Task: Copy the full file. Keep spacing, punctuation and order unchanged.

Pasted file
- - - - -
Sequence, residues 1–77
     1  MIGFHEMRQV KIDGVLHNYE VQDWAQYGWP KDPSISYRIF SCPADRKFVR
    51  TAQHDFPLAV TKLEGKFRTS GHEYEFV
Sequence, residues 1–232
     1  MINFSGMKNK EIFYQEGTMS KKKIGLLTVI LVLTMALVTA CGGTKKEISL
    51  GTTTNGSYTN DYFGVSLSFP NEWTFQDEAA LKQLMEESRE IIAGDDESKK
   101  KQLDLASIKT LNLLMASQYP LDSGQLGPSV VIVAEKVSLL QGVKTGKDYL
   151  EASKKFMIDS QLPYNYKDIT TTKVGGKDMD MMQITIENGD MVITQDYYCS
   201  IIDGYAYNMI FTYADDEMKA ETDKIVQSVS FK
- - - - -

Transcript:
Sequence, residues 1–77
     1  MIGFHEMRQV KIDGVLHNYE VQDWAQYGWP KDPSISYRIF SCPADRKFVR
    51  TAQHDFPLAV TKLEGKFRTS GHEYEFV
Sequence, residues 1–232
     1  MINFSGMKNK EIFYQEGTMS KKKIGLLTVI LVLTMALVTA CGGTKKEISL
    51  GTTTNGSYTN DYFGVSLSFP NEWTFQDEAA LKQLMEESRE IIAGDDESKK
   101  KQLDLASIKT LNLLMASQYP LDSGQLGPSV VIVAEKVSLL QGVKTGKDYL
   151  EASKKFMIDS QLPYNYKDIT TTKVGGKDMD MMQITIENGD MVITQDYYCS
   201  IIDGYAYNMI FTYADDEMKA ETDKIVQSVS FK